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Planchonia careya (F.Muell.) R.Knuth 1939
pronounced: plan-SHON-ee-uh KARE-ee-uh
(Lecythidaceae – the Brazil nut family)
common name: Cocky Apple, Billy Goat Plum
The genus Planchonia is named after the 19th century botanist Jules Émile Planchon, who is best remembered for his work in saving the French grape vineyards from Phylloxera vastatrix, a microscopic, yellow aphid-like pest from the United States. The careya is for Dr. William Carey, a Baptist missionary, linguist and enthusiastic amateur botanist who worked in Bengal early in that century.
The Cocky Apple is a common tree across northern tropical Australia and down the east coast to about Fraser Island, in open forests and woodlands. It is usually between 4 and 10 metres high, and briefly deciduous in the dry season. Before they fall, the leaves develop ‘autumn colours’. The bark is grey, rough, slightly corky, and fissured. The leaves are oval-shaped and taper to the base. Their upper surface is a shiny light green, and a duller green on the underneath. They feel a little leathery to the touch, and their margins have slightly rounded teeth.
The flowers are large, white and fleshy, with many pink and white stamens up to about 6 cm long. The tree flowers quite prolifically, but nocturnally. The flowers open in the early evening, and by morning most of them have fallen to form a colourful carpet on the forest floor. The flowering period is normally from about July to October. Where there are large numbers of these trees, the flowers are very popular with young girls for threading on string to make leis.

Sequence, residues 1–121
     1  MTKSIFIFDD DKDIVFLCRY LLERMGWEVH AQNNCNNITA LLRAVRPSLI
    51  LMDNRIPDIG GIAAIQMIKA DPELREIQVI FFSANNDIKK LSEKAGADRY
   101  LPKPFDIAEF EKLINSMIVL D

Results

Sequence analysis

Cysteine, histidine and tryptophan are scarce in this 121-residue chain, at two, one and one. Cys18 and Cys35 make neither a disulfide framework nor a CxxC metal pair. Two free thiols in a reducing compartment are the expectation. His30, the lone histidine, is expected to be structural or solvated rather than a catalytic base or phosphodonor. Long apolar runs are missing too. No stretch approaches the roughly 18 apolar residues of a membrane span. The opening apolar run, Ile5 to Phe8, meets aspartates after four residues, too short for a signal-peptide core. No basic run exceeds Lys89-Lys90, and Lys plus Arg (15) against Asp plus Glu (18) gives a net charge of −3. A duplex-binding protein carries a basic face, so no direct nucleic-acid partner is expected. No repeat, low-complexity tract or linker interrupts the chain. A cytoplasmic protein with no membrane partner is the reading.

The fruit is green, egg-shaped and smooth, and can grow up to about 9 cm long. The seeds are contained in fibrous, cheesy flesh, and the fruit was Aboriginal “bush tucker”. The Aborigines also used many of the plant parts for medicinal purposes, and made boomerangs from the wood. As the common names of this tree suggest, the fruit is eaten by cockatoos, and also by goats.
The caterpillars of several Lepidoptera feed on the cocky apple, including:
• the Emperor Moth Syntherata janetta;
• the Yellow Peach Moth Conogethes punctiferalis;
• the Brownntail Gum Moth Euproctis lutea;
• the Amethyst Jewel Hypochrysops elgneri;
• the Rare Redeye Chaetocneme denitza;
• the moth Gnathmocerodes euplectra; and
• the Copper Jewel Hypochrysops apelles.
Information about medicinal qualities of plants, or about their use as medicines, is for interest only, and is not intended to be used as a guide for the treatment of medical conditions
Photographs taken at Picnic Bay 2007-2011
Page last updated 9th February 2018